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(article, Diane Morgan)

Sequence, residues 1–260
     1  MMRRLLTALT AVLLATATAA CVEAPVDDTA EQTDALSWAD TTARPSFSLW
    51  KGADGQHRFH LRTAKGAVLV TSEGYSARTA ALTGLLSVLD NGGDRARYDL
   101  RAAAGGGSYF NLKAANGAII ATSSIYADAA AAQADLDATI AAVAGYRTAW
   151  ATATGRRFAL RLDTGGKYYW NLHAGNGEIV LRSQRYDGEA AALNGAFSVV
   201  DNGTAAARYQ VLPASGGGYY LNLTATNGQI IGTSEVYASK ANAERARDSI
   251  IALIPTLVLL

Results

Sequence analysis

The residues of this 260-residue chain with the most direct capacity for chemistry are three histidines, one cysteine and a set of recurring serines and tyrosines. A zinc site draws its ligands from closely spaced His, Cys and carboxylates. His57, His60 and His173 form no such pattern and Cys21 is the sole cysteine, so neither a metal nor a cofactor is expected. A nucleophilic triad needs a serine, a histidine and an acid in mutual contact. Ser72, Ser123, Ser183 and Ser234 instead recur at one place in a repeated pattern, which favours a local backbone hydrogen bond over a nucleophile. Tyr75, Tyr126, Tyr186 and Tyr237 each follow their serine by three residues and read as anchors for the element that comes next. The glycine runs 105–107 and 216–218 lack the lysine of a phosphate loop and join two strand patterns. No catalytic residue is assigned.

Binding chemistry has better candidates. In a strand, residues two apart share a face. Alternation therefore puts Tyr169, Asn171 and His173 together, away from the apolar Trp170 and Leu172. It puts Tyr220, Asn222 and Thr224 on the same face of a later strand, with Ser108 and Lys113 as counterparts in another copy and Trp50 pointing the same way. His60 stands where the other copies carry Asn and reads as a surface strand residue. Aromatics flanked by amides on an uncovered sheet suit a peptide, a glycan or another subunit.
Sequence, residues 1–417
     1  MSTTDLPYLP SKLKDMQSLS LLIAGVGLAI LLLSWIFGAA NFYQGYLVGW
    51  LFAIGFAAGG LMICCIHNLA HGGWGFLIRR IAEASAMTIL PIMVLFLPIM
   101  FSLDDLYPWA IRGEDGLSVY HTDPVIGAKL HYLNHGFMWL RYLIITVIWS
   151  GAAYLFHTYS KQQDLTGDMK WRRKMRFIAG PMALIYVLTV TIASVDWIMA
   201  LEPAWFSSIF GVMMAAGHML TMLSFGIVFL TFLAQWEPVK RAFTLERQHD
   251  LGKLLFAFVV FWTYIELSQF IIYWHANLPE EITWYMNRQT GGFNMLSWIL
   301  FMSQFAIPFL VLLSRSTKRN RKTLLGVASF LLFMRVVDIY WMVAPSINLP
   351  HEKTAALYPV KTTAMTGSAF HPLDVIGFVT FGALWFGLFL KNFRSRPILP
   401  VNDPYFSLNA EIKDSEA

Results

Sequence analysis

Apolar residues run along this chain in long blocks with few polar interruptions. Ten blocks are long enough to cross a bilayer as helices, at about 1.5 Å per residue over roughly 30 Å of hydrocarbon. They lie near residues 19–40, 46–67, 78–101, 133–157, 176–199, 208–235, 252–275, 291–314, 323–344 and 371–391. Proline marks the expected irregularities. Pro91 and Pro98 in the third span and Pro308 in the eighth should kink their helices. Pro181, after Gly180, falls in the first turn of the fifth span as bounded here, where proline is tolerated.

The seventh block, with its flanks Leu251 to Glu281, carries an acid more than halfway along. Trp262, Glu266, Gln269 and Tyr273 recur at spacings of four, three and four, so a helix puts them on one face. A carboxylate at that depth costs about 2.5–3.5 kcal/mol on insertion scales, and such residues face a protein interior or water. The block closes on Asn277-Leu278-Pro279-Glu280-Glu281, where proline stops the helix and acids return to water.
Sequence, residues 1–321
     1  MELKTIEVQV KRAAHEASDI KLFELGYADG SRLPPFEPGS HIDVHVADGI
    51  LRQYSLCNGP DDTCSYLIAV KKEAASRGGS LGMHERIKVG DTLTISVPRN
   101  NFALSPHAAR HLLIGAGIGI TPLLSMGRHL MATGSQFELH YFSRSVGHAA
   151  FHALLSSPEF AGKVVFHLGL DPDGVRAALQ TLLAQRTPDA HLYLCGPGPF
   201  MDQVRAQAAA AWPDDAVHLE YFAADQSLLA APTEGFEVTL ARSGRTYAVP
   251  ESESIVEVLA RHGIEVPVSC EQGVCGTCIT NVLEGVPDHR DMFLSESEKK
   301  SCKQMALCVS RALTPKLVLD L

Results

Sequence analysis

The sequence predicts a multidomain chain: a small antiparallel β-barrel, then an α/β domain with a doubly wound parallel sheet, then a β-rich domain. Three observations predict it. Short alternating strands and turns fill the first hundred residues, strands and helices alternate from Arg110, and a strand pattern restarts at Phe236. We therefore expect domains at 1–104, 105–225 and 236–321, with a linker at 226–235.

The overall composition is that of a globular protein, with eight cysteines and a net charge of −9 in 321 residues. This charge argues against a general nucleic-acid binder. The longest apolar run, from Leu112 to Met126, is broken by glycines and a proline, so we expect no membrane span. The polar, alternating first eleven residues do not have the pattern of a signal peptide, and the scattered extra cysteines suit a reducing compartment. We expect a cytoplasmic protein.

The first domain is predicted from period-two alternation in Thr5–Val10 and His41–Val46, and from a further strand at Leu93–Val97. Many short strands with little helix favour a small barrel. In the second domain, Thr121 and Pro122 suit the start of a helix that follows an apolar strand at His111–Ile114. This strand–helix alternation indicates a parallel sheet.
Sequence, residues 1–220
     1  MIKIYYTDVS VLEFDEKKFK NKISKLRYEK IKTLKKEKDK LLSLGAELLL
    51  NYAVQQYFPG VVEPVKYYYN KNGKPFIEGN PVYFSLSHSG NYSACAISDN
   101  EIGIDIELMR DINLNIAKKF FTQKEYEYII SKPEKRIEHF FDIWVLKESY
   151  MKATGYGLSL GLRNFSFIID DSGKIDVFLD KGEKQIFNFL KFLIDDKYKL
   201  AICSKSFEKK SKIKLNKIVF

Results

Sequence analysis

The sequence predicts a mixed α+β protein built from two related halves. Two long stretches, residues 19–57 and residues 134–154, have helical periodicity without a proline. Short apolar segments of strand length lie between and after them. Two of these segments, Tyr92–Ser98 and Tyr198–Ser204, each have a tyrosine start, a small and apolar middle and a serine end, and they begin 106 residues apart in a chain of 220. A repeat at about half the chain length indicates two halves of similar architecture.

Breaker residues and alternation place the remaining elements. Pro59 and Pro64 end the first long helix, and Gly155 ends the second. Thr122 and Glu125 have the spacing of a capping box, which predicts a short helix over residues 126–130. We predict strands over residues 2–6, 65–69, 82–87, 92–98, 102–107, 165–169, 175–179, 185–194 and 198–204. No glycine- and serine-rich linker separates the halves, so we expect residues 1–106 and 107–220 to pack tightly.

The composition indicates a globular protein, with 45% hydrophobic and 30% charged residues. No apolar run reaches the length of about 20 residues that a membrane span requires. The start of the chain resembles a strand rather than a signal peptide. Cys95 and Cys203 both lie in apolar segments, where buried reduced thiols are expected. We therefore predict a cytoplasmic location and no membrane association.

[%pageBreakSettings nobreak=true][%adInjectionSettings noInject=true] h3. From the chapters "Foods of the Season" and "Special Equipment and Tools" At one time, fresh or frozen was the only choice you had when it came to buying a commercially raised whole turkey. Now there are lots of choices, and quality and taste differences exist among them. Here are my thoughts on what is available in the marketplace. [[block(sidebar). h1. About the book and author Diane Morgan's new cookbook, The Christmas Table, is basically a sleighful of holiday how-to tips, including recipes. Based in Portland, Oregon, Morgan is an award-winning cookbook author and cooking teacher whose writing appears regularly in food publications; she is also a frequent television guest. Excerpt reprinted with permission of Chronicle Books (2008). ]] Standard turkeys: These mass-produced, conventionally raised birds are sold either fresh or frozen during the holiday season. This is a perfectly acceptable turkey, easy to obtain without a lot of forethought from any large supermarket and reasonably priced. Self-basting turkeys: Sold fresh or frozen, these turkeys have been “enhanced” with fat of some sort, in addition to natural and artificial flavorings. The theory behind this product is that the bird doesn’t need to be basted, saving the cook time and energy. Good idea in theory, badly executed in practice, primarily because the enhancer is flavored vegetable oil, which I don’t consider an enhancer. This is my least-favorite turkey on the market. Do not brine a self-basting turkey. These birds have already been injected with a salt solution. Free-range turkeys: These are the turkeys that get to run around the barnyard, so to speak. They aren’t necessarily raised outdoors, but they are raised in spacious, open environments. Many of them are labeled "organic" as well, and are more expensive than other turkeys. If you order from a knowledgeable butcher or have a specialty-foods store you trust, ask the staff who raises the turkeys they sell and if the birds are both free-range and organic, or just free-range. These can be delicious, moist, and flavorful birds, and I believe are usually worth the price. Kosher turkeys: Although usually sold frozen, these birds are often available fresh in large supermarkets at Thanksgiving and Christmas. They have been inspected, slaughtered, and cleaned under strict rabbinical supervision, which makes for an expensive bird. If you will be serving observant Jewish guests, this is the turkey to buy; otherwise, opt for a non-kosher, free-range bird. Do not brine kosher turkeys. They have already been salted in the koshering process. Cooking for the holidays doesn’t require a lot of fancy equipment, but some kitchen items will make your life easier. [%image pan float=right width=400 caption="A roasting pan, gravy strainer, carving knife and fork, baster, and meat thermometer all make turkey roasting and serving easier."] Bulb baster: This tool certainly makes basting meat and poultry easier, but a large spoon will work in a pinch. Buy either a stainless-steel or a heat-resistant plastic baster. I prefer the latter because I can see through it. Glass basters are a mistake, as they inevitably break. Carving board: Different from a cutting board, a carving board has a “moat” that collects meat juices and a “well” that traps them. This is handy for carving all kinds of meats and poultry. My favorite type is a wooden board that is reversible, so you can use the flat side for chopping and dicing. Carving knife and fork: A carving set is lovely if you are presenting a whole bird or a whole piece of meat and carving it at the table, but it is not critical. If you don’t have one, you do need a very sharp utilitarian carving knife and carving fork. After working hard to roast your holiday turkey or prime rib, you want to cut smooth, even slices. A good knife is a lifetime investment. Fine-mesh sieve: Doing double-duty for cooking and baking needs, I have three sizes of fine-mesh sieves. I use the large- or medium-sized sieve for straining stocks, soups, or sauces, depending on the volume to be strained. I use the small one for dusting confectioners’ sugar over cakes, pastries, and tarts. Gravy strainer: This useful tool looks like a measuring cup with a spout that originates near the bottom. You pour in pan juices or gravy, the fat naturally rises to the top, and the relatively fat-free liquid that settles to the bottom is easily poured out through the spout. Although handy for making gravy and sauces from pan juices, this strainer is definitely not essential. Kitchen twine: Buy the proper twine to truss your bird or tie your roast. It should be 100 percent linen, which resists charring. Flimsy string won’t do, and dental floss can tear the skin and chars (I’ve seen it used!). You’ll be surprised how often you will reach for twine once it is in the kitchen. [[block(sidebar). h1.Featured recipes These holiday recipes come from The Christmas Table.